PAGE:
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Let me make a long comment here regarding the "q-analogue" of this question.

Let me start with a product of $n$ linear orders of length 2, $\{0,1\}^n$ (in fact, it be better to think of this as length 1, as we start at 0). There is an obvious identification of this poset with the power set of $[n]$, $P([n])$. The simplicial complex associated with the latter is the $n-1$-simplex, and the chopped one is homeomorphic to the sphere $S^{n-1}$.

Now for the "$q$-analogue": take a finite field of order $q$, $\mathbb{F}_q$ and consider $V=\mathbb{F}_q^n$. Consider the lattice of linear subspaces of $V$. The chopped lattice is known also as "the spherical Tits building of $\text{PGL}_n(\mathbb{F}_q)$". Its homotopy type is considered in the Solomon-Tits Theorem which tells that it is a bouquet of $S^{n-1}$ spheres.

Note that for $n=1$ the $q$-case degenerates to the first: you get the same lattice.

Keep $n=1$, take $q=p$ a prime for simplicity, pick a "length" $k$ and consider the ring $R=\mathbb{Z}/p^k$. Consider the lattice of ideals in $R$. It is a chain of length $k+1$. That is, it coincides with the $n=1$"combinatorial" question considered in the original post, which we may think of as the "$q=1$ case".

Repeat this with arbitrary $n$: Let $M=\oplus_{i=1}^n \mathbb{Z}/p^{k_i}$ and consider the lattices of subgroups (or $\mathbb{Z}_p$-submodules). One may think of this lattice as the "$p$-analuge" of the one considered in the original post. It turns out (and this is shown in comments and in other answers) that this lattice will be contractible provided for some $i$, $k_i>1$.

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Comments to the question contain several contributions to alternative approaches by Uri Bader. Since the latter seems to be reluctant to collect them into an answer, I decided to do the part I understand.

Approach 1.

Suppose given $P$ with top and bottom; then removing top and bottom from $P\times\{1,...,n\}$ is the union of $B:=(P\setminus\{\text{bottom}\})\times\{1\}$, $M:=P\times\{2,...,n-1\}$ and $T:=(P\setminus\{\text{top}\})\times\{n\}$. The hypothesis is that $\{2,...,n-1\}$ is not empty, so all three are obviously contractible, $B$ attached to $M$ along $(P\setminus\{\text{bottom}\})\times\{1,2\}$ and $M$ to $T$ along $(P\setminus\{\text{top}\})\times\{n-1,n\}$. If I understand Uri Bader's comment correctly, one just contracts $B$ and $T$ to $M$ separately.

Sort of an illustration, with $P=\{\text{top},\text{bottom}\}$ and $n=4$:

enter image description here

Another one, with $P=2\times2\times2$ and $n=3$:

enter image description here

Approach 2.

This I turn upside down since I am more used to it. For any element $a$ of a (bounded (finite)) lattice $L$ the embedding $[\text{bottom},a]\hookrightarrow L$ has a right adjoint $a\land\_$. Call an element $d$ of a lattice $L$ $\textit{dense}$ if $\forall x\in L\ (d\land x=\text{bottom})\Rightarrow(x=\text{bottom})$ holds. For any nontrivial ($\ne\text{top}$) such element the restriction of the adjoint $d\land\_$ to $L\setminus\{\text{top},\text{bottom}\}$ lands on $(\text{bottom},d]$, so the latter (which has top $d$, hence is contractible) becomes a deformation retract of $L\setminus\{\text{top},\text{bottom}\}$.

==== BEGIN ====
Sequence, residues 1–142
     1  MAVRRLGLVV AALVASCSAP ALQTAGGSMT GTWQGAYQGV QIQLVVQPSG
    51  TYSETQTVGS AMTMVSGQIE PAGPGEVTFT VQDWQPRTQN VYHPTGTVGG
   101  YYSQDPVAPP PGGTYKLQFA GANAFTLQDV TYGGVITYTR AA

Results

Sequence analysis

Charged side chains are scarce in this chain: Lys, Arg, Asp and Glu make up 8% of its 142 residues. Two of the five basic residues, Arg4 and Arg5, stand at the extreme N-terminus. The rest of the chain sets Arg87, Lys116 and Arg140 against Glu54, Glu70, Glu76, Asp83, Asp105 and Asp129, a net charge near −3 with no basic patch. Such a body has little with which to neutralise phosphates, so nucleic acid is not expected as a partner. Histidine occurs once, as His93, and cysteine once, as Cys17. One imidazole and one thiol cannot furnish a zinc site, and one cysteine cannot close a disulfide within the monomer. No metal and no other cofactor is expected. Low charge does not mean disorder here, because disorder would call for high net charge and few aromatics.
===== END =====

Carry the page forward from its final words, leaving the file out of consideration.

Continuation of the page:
Now invoking the comment by Richard Stanley - in case $L$ is distributive, it has no nontrivial dense elements if and only if it is a Boolean algebra.

A natural question here is whether a characterization is known of those general (non-distributive) lattices which do not possess nontrivial dense (neither codense) elements.

Note that for non-distributive lattices generality of this approach is somehow orthogonal to that in Tom Goodwillie's answer: the latter works for products of not necessarily lattices having tops and bottoms, while here one approaches lattices which might not decompose into products.

In this connection there was a very interesting comment by Dan Petersen which has been elucidated by Uri Bader, but unfortunately I do not know this area well enough to say anything definite. The way I understand the idea is to consider homotopy types arising from lattices constructed in the same way in different characteristics as sort of "$q$-analogues", that is, families of homotopy types depending on a "modular" parameter encoded in $q$. I don't really know what that means that I wrote.

Finally, - it might be true that face lattices of polytopes with top and bottom removed actually have the same homotopy types as the polytopes themselves. Does anybody know anything about it? Just a couple of considerations: if this is the case then obviously the answer to my second question is that any homotopy type of a finite CW-complex may occur. Indeed if I am not mistaken already simplices of the second barycentric subdivision of any CW-complex form a (topless) lattice. Note also that for a poset one possible version of the barycentric subdivision is formed by linearly ordered subposets, and maximal such are not altered if one removes top and bottom...